How do search engines rank web pages? It’s that all-important question on the minds of business owners around the globe. Many think there’s an elusive (or illusive) secret formula for ranking pages; pure speculation abounds. And more confusing yet is that search engines like Google tell us there are over 200 ranking factors (each factor may have up to 50 variations)! Where do you even begin to determine which organic search ranking factors might be important to your results?
Here’s a good start: industry surveys. Surveys are a way for industry experts to collaborate, compile information, correlate data, and find patterns when reading the tea leaves.
Relevant quality content still reigns supreme but a lot more goes into search engine optimization than content. To be perfectly clear: these surveys do not tell us definitively whether Google uses these factors. They do indicate what is most likely a factor based on content that has achieved higher rankings. Proof? Not conclusively… but it’s crowdsourced data at its finest!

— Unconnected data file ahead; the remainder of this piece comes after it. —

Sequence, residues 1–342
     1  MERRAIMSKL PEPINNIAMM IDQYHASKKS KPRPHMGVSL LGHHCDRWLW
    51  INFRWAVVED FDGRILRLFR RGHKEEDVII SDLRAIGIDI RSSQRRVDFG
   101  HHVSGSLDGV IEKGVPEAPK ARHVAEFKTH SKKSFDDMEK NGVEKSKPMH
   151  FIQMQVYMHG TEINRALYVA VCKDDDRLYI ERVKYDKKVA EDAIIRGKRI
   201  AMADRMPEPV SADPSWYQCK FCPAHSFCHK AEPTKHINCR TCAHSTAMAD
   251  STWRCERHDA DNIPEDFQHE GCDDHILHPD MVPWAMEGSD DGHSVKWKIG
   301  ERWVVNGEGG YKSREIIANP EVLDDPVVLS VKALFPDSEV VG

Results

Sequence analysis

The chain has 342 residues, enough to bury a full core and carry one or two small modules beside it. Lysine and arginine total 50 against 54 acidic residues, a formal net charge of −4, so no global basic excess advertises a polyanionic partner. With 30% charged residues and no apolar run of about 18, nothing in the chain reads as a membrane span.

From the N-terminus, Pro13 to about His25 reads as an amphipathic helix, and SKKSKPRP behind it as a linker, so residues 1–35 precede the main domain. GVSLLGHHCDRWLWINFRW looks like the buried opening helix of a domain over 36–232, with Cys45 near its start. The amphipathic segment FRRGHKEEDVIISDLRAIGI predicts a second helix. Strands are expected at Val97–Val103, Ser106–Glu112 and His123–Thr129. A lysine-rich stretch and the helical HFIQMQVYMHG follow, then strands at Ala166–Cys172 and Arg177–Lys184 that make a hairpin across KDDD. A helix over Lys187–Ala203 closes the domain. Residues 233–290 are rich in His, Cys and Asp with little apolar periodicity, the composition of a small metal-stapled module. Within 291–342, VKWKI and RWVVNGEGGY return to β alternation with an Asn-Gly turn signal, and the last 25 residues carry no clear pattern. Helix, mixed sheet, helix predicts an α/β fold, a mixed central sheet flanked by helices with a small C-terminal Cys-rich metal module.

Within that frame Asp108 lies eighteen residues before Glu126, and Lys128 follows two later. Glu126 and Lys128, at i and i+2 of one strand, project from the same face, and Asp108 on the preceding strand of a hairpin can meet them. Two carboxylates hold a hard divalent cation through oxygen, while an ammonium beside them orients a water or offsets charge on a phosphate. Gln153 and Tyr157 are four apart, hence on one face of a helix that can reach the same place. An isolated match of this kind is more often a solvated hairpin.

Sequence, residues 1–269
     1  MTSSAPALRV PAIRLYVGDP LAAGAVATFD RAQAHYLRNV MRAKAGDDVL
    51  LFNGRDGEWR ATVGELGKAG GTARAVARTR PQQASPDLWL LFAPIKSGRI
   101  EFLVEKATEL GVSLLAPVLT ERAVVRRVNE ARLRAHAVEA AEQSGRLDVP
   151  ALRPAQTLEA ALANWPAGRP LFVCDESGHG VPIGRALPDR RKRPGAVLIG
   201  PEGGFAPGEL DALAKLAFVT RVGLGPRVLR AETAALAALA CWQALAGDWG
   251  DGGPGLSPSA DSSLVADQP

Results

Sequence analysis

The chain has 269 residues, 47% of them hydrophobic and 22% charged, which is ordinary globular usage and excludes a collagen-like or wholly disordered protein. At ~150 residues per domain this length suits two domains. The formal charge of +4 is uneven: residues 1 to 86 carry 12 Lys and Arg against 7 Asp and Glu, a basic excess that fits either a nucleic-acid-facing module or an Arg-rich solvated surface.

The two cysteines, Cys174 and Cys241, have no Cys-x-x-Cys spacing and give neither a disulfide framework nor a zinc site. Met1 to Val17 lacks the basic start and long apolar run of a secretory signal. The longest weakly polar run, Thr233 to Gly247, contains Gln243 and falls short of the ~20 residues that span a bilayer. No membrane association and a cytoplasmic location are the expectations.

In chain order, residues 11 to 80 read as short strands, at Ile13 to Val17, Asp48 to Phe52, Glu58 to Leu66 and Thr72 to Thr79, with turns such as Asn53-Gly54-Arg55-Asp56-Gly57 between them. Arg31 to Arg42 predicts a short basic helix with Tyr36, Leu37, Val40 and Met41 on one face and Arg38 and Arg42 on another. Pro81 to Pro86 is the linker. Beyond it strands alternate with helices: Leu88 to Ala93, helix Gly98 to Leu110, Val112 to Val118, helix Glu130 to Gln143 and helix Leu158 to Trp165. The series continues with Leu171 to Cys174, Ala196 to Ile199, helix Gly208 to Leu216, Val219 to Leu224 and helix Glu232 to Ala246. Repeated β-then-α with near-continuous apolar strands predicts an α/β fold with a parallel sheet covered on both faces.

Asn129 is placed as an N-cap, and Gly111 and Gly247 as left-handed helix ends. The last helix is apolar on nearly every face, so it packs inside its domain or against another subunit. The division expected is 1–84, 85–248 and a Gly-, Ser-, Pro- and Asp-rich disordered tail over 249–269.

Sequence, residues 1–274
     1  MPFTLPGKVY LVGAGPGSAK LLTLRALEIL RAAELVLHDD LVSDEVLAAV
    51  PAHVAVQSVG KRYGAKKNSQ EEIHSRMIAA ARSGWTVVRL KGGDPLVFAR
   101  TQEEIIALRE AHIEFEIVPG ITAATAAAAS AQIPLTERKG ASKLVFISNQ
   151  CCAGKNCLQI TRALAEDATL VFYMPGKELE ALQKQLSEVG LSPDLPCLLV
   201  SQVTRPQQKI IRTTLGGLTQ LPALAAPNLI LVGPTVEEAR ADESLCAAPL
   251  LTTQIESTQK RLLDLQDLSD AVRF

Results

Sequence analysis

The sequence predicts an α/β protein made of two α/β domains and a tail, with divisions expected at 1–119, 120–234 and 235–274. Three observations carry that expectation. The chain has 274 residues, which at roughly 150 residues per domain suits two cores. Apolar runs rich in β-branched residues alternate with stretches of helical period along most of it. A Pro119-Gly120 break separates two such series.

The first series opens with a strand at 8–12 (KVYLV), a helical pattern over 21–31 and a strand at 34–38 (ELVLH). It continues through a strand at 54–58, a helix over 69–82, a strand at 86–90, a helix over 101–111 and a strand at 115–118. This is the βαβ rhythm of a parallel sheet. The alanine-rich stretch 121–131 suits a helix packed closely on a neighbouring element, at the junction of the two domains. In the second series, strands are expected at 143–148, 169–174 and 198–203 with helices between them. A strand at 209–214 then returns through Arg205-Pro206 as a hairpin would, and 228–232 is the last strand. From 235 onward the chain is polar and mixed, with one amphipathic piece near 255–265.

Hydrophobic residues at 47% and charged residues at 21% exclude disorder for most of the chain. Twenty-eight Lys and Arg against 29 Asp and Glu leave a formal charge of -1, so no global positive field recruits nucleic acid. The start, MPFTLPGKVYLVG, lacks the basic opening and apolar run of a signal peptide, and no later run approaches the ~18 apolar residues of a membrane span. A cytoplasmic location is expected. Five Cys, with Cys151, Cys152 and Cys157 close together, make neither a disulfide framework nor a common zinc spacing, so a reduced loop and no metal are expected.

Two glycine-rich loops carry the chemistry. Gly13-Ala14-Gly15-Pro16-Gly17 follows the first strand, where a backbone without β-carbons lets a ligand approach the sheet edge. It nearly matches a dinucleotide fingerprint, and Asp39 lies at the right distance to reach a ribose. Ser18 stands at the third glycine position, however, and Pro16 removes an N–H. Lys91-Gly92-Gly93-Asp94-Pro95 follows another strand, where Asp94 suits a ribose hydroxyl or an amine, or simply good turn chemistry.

Moz’s 2015 Search Ranking Factors survey comes out every two years, after months of researching and compiling data. Their report covers a lot of bases and in this post we hope to share some of the top takeaways and what they might mean to you and your search engine optimization.
What went into this year’s 2015 ranking factors by Moz? The crowdsourced data survey polled 150 industry leaders, examining over 170 data attributes, 16,521 search queries, and 700,000 unique URLs too (full methodology can be found here). The result? An amalgamation of important tidbits SEOs can use to develop strategies in the coming year.
Key Takeaways from Moz Search Ranking Survey
Caveat: Assume that every finding detailed below is prefaced with a disclaimer such as “apparently” or some other fudge factor. The findings are indicated – not proven – unless and until Google confirms them publicly. With that in mind … let’s dive in!
1. Social Shares Matter!
Speculation abounds about social media shares and how they play into Google’s algorithm for ranking sites. Do they? Don’t they? Google says they don’t (today, anyway), but correlation studies often tout the unique relationship between ranking and shares. Moz’s survey shows us that indeed a correlation appears to exist between social shares and rankings.